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Growing up, I spent a lot of time with my Great Aunt. She lived just along the road, never married, and had no children of her own. She spoiled me rotten. At home, my brothers would have eaten all the Penguin biscuits before I’d gotten to the kitchen, but at Aunt’s house, there was always special chocolate, just for me.

It was not just the chocolate though, or the marmite and cheese sandwiches. Nor was it the fact she let me loose with the garden hose and the soil when we planted her spring bulbs. She gave me something more valuable, more precious than all these things, she gave me her time.

Last week I said these things to her when I took her for tea, then on Friday she had a fall. Now she is in hospital.

I think of all the times I fell and she was there for me. She’d indulge my fetish for bandages and making the smallest graze a BIG DEAL. Once, when I had a sore throat, she threaded string through a note-pad, and tied on a pen, so I could wear it round my neck and write (my incessant demands) instead of talking.

As a mum of three myself, I can understand how my mum struggled to give me the gift of her time. There was always something else to do, or see to, as there is for me now. But growing up, I was my Aunt’s world, and her time was mine.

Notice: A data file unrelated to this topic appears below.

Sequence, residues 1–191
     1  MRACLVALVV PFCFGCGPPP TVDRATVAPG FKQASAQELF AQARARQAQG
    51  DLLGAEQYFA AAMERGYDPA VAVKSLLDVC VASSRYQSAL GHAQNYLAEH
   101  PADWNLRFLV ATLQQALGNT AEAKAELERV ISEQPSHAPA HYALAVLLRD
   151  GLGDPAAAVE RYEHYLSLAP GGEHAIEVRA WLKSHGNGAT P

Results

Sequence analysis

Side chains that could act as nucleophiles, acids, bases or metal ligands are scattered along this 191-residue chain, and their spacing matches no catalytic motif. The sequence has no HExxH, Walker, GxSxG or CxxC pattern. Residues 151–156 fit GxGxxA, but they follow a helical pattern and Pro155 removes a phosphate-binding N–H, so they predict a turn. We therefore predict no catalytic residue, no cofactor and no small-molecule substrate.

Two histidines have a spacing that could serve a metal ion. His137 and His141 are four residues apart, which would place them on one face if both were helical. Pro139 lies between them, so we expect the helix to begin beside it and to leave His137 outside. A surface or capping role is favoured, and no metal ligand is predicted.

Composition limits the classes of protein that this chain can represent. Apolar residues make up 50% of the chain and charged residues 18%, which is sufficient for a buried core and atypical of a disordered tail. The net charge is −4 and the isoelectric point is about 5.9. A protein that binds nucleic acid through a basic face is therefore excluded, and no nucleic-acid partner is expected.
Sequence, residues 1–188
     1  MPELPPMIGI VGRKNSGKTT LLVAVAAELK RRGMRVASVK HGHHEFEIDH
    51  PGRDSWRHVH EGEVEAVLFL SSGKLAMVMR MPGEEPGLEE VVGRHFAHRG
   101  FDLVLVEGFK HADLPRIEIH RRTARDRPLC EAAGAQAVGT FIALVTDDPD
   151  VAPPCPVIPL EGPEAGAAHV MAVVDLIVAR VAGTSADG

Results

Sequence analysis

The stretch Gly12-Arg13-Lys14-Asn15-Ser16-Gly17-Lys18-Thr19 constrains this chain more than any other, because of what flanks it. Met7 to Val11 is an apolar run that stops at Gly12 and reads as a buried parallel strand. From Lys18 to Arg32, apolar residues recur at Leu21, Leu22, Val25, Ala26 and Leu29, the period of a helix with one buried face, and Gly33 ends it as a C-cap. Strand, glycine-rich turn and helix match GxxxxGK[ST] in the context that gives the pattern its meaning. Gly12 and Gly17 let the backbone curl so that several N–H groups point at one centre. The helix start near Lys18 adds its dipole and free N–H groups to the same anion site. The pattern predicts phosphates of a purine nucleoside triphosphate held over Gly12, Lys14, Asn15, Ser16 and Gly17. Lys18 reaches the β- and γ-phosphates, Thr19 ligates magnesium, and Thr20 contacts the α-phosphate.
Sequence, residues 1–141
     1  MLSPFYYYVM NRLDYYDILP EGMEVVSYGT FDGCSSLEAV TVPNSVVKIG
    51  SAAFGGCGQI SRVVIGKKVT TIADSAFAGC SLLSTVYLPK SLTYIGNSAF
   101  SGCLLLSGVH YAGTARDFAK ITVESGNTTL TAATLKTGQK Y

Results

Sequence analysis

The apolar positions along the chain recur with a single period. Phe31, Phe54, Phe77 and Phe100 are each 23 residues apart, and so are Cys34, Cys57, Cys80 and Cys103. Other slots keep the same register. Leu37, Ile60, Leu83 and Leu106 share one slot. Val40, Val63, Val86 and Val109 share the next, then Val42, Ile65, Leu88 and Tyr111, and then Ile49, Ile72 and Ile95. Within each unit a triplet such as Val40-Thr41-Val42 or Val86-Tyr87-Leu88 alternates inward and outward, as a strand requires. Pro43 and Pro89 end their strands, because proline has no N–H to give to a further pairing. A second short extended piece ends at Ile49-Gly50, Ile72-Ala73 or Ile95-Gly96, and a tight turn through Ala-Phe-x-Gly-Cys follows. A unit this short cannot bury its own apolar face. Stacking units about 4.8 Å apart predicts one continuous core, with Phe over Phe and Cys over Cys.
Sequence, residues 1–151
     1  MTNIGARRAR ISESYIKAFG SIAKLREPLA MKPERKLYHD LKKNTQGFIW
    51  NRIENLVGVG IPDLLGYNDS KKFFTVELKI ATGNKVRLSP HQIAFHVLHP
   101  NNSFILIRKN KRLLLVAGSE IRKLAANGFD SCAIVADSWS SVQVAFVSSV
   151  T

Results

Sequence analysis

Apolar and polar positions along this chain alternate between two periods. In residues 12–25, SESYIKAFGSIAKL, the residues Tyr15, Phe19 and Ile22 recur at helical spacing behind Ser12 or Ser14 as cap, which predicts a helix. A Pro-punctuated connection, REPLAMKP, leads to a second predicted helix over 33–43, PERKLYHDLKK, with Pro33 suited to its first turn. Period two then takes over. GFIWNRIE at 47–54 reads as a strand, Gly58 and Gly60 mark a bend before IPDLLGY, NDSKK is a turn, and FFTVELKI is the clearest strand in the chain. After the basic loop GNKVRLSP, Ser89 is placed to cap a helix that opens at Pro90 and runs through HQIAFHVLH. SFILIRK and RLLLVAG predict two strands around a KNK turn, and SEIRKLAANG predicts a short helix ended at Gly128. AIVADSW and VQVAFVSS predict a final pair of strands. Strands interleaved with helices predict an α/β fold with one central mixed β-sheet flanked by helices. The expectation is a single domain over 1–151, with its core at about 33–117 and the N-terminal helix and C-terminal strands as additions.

I remember trips to the shops on the bus, how she pushed me fast in my striped buggy to make me laugh. When we went for tea she would tell me, “Bring your chair closer to the table” and, “Don’t overfill the cup or you will spill it”.

When she had a knee replacement some years ago, she used to do her physio on the bed and then sit and attempt the crossword for half an hour. I used to wedge in beside her and copy each movement. It must have driven her mad, but she never said.

My aunt is the reason I love 70’s furnishings, and turn down the beds, why I don’t go out with wet hair and always send thank-you cards. My aunt is the opposite of me. She will hate that her fall is a BIG DEAL. She is independent, and proud. She is sharp and stubborn. I know how much it will be hurting her that she cannot get out of bed, that her tea will not be made in a pot.

She is part of me and I feel horribly helpless and scared of what this loss of independence means for her. She lived through a war and she nursed all her family till the end. Now she is the only one left and her body is at war with her mind. It is people like these who make us who we are.